Usage & Organization

When sewing on a button with a machine, it is important to consider the usage of the garment and its organization. If the garment is being used in a more strenuous activity, it may need an extra layer of stitching to the button. To keep the garment in order and avoid tangling the threads, it is important to make sure to use a bobbin and wind the thread with care.

Thread & Needle

When using a needle and thread to sew on a button, use a sturdy and strong type of thread, such as polyester thread. This type of thread will be more durable and it won’t unravel as easily as other types. When using a needle, select one that is the right size for the fabric and the button’s hole. Thread the needle, making sure it is secure and without any knots or tangles.

Safety & Care

When sewing on a button with a sewing machine, it is important to take some safety precautions. Make sure to read the instructions on the machine and ensure that it is properly functioning before using it. Wear protective eye-wear to keep your eyes safe from any stray threads or pieces of fabric. Also, make sure to be mindful of the machine parts and to handle them with care.

Button Setting Tool

For a faster and easier way to sew on a button, a button setting tool can be used. This tool will make the process even quicker and more efficient. The tool consists of two plates that come together and hold the button in place in the fabric. Thread is added between the plates and when the presser foot of the machine is applied, the button is set in place quickly and securely.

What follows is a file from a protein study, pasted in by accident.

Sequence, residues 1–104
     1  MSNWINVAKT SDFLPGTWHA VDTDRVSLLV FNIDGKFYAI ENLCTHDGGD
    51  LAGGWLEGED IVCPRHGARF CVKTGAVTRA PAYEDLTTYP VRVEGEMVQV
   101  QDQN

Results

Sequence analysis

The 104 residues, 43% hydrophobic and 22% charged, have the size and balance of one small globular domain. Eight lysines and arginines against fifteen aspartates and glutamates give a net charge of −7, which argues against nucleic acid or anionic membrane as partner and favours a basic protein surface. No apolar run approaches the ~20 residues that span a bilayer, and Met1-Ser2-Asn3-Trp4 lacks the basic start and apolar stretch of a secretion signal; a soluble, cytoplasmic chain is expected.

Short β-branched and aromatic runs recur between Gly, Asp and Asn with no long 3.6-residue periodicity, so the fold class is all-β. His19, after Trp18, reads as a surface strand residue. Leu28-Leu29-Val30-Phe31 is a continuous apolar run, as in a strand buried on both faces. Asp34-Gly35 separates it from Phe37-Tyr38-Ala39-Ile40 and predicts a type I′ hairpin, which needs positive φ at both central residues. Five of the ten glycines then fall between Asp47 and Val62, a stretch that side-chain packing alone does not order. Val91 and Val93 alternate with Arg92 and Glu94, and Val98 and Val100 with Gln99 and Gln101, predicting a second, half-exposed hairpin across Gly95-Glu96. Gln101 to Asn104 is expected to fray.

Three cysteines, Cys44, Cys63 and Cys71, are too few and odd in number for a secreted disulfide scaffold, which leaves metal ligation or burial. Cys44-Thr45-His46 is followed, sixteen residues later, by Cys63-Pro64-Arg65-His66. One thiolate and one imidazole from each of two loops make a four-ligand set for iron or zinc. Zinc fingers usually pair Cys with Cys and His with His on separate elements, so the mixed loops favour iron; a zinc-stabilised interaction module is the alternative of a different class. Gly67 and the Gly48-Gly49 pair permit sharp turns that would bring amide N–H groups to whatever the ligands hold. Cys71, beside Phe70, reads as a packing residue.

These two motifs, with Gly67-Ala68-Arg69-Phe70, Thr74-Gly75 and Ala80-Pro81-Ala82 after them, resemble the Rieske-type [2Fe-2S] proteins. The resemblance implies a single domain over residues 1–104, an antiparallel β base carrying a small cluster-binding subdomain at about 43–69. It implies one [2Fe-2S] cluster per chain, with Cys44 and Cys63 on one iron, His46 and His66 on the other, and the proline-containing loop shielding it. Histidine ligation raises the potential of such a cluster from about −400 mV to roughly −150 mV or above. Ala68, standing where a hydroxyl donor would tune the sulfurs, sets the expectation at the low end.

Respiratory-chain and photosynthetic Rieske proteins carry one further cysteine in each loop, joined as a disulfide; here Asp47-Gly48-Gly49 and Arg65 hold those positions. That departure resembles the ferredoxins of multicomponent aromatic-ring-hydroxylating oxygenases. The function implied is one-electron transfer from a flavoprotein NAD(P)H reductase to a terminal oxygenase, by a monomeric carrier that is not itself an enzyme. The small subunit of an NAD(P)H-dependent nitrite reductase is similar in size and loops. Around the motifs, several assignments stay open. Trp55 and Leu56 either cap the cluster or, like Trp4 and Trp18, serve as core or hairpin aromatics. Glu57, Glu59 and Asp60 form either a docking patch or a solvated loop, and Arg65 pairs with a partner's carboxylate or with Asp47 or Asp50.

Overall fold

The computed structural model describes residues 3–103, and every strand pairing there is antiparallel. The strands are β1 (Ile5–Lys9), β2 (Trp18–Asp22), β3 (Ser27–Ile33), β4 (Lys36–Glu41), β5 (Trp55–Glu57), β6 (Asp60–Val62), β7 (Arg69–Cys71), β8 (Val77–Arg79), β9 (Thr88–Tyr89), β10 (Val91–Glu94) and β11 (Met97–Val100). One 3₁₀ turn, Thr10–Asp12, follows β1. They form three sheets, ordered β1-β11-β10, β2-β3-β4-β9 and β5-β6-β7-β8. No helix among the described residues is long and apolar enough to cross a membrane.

Design Choices

If you want to add an extra touch of design, there are many choices available. Consider adding a contrasting color of thread, embellishments, decorative knots, and other choice materials like beads or sequins. These options can turn a regular button into a unique design statement.

Maintenance & Repair

Routine maintenance and repair of the button can be done to prevent it from coming off and to keep it looking neat. Inspect the garment periodically and see if any fraying or loose thread is present. If necessary, do some basic repair by re-sewing the button or covering up the threads with fabric glue or clips.

Storage Solutions

For those who want to sew on extra buttons for a later use, it is recommended to store them safely and properly. A good storage option is to use an empty thread spool and fill it up with all the necessary buttons, threads, needles and other materials that can be useful. Separate thread colors and sizes so it will be easier to find the right ones.

Geoffrey Kirby is an experienced author and sewist who has been creating sewn projects for over 20 years. He has a passion for teaching beginners and inspiring more advanced sewists both online and through his writings. Outside of writing about sewing, Geoffrey loves to explore new techniques and styles of sewing that incorporate upcycling fabric remnants into sweet items with personality.